Tories can't believe their luck as Labour destroys itself
Wednesday, 06 August 2008

If Brown has any dignity, any self-respect, he ought to come out clunking and fire Miliband

Bruce Anderson

The Government is dithering to death. A week ago, Labour ministers and MPs had a choice: back their leader or sack him. Being New Labour, they found a third way: bleed him. This is political insanity. Most voters share two wise prejudices. First, they distrust divided parties. If you cannot agree among yourselves, why should we listen to any of you? Second, as Tony Blair would put it, they diss leaders who cannot impose their authority. If your colleagues do not respect you, why should we?


A week ago, Labour was in a mess, virtually condemned to electoral defeat. Now, the risk is that the party will be hooted out of office: discredited, embittered and divided. However impressive the winning margin, British elections are won one at a time; 1997 was a rare exception. Yet if Labour carries on like this, David Cameron could be heading for a two-term victory.

It is all Tony Blair's fault, though nothing to do with the leaked memorandum. After 10 years of sabotage and insolence, Mr Blair could be forgiven for his suspicions. But they were unfounded. Poor old Gordon can be accused of just about anything, except trashing the Blairite legacy. Perhaps he should have done, for it was an accursed inheritance.

Mr Blair stands accused on three counts. First, he did not create a successor generation. Although here are some bright youngsters, they are mere choirboys, their political voices still unbroken. Second, he created a party which only he could lead. Tony Blair does have one asset in common with Margaret Thatcher. Though neither of them is an intellectual, they could both command support from intellectuals. The Thatcherite ones have no reason to apologise. Not only was she a world-historical figure, well worth their adulation. Thatcherism, though a much more problematic concept then her devotees would have us believe, can be identified and will endure in political discourse. But Blairism? It is the politics of the Cheshire Cat, and there is only one politician who can do the grin (poor old Gordon's is more of a rictus, like Heathcliff howling for Cathy's ghost). Beyond the grin, there is only one useful definition of Blairism: make it up as you go along.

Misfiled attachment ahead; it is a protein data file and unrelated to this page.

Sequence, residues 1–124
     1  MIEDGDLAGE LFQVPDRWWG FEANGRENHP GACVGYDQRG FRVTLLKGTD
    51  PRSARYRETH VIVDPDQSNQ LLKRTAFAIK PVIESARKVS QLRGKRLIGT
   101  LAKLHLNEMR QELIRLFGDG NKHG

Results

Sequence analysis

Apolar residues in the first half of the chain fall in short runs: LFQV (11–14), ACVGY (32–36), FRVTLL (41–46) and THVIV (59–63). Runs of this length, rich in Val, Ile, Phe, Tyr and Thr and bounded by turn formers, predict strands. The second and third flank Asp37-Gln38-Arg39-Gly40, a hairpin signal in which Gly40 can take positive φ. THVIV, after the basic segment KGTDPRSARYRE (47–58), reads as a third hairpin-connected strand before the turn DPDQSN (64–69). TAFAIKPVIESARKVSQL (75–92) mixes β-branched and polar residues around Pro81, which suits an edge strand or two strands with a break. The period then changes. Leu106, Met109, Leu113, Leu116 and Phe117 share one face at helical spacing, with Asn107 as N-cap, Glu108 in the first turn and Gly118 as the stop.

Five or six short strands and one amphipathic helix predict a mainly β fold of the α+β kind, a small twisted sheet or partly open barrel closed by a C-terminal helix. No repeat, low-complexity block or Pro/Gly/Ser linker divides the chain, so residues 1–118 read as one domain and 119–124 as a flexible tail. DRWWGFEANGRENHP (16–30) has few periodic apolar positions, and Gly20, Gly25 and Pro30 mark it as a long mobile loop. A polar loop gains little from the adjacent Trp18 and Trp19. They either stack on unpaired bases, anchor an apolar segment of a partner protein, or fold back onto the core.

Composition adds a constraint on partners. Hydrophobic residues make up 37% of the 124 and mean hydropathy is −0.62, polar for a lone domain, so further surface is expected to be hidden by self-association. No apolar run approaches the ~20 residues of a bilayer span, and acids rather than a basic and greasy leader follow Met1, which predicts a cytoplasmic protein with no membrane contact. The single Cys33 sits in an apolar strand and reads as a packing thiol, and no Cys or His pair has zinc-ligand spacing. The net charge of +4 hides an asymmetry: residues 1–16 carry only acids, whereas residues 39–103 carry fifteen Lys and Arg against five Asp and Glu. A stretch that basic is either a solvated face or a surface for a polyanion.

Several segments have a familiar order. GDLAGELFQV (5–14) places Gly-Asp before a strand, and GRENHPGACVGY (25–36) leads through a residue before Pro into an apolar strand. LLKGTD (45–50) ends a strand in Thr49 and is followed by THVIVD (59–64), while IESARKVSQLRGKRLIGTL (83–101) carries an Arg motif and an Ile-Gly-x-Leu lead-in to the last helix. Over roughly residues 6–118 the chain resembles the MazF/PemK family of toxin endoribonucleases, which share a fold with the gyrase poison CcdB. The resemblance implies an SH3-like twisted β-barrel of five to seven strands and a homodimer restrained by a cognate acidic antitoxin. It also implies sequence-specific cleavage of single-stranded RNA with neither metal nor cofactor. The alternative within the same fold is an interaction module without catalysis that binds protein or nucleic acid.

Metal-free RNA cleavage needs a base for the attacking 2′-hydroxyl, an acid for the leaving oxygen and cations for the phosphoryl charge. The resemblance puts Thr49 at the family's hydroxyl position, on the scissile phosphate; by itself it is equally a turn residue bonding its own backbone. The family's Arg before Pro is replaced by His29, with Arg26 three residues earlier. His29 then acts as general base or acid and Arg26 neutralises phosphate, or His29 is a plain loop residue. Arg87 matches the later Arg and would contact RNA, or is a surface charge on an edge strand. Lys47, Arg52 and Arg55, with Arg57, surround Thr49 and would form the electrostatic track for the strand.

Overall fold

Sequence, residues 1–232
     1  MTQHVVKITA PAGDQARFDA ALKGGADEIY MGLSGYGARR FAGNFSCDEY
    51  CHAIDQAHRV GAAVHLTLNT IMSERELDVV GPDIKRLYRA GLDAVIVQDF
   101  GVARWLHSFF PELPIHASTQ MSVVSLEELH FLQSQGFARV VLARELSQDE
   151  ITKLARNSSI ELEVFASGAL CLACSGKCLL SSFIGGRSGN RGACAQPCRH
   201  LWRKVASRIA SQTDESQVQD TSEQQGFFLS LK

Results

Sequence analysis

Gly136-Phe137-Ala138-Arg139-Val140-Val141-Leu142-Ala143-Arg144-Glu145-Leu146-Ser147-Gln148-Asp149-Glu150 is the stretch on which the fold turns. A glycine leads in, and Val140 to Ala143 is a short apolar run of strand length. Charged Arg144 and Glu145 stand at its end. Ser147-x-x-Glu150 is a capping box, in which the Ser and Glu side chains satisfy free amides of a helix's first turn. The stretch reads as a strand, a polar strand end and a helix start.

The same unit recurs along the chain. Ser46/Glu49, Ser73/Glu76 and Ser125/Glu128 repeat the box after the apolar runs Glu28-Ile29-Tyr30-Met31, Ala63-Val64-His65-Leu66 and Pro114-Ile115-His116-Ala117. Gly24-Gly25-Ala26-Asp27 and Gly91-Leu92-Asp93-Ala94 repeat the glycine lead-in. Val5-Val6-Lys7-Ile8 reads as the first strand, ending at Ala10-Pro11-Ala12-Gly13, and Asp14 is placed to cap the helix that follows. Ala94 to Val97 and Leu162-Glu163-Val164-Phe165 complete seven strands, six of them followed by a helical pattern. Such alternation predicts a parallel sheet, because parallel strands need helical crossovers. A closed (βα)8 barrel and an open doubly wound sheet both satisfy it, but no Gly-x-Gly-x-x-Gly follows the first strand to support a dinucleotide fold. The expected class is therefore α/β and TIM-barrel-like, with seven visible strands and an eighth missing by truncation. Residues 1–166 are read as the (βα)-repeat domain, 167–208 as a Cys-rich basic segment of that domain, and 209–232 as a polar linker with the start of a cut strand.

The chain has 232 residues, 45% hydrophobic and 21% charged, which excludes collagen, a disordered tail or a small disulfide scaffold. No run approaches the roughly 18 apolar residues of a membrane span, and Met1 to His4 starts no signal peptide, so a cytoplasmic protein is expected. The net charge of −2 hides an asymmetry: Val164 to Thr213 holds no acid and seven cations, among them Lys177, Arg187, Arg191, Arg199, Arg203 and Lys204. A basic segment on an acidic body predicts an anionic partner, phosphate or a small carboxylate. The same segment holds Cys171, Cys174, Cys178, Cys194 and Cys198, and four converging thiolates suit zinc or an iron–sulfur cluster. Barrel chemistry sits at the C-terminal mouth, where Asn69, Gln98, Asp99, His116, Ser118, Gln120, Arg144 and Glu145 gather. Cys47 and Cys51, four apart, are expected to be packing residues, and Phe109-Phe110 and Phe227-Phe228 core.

There would appear to be no excuse for intellectuals who are taken in by grinning and tap-dancing. Yet there is no limit to the credulousness of intellectuals, especially left-wing ones. The Blairites were the lineal descendents of the apologists for Stalin: the Webbs would have been among Tony's courtiers. As Robert Harris writes in The Ghost, early Blairism was not a political movement: it was a cult. Intellectuals are not immune to the lure of cults.

This is Tony Blair's third and greatest political crime. Acquiescing in cult status, he ensured that since 1994, the British left has done no serious thinking about what it believes: about how to be a left-wing party in a post-socialist world. True, it did perform some serious election-winning, which seemed more than adequate compensation. But that is now over. The Labour Party is left with the same arguments that divided socialists from social democrats for 70 years – and with the grin that failed.

From grin to Gord, also failing, apparently incapable of bestiring himself to survive. That has been the most extraordinary development in an astonishing week: watching the great clunking fist turn into a wimp. How else to explain David Miliband's remaining in office? Talk about dissing: no Cabinet minister has publicly cheeked a PM in the way that he did and kept his job. Again, Gordon can be deemed guilty of almost anything – but spinelessness? We learn that Gordon does have it in mind to punish David Miliband, by making him swap jobs with Alistair Darling. The Chancellorship, a punishment?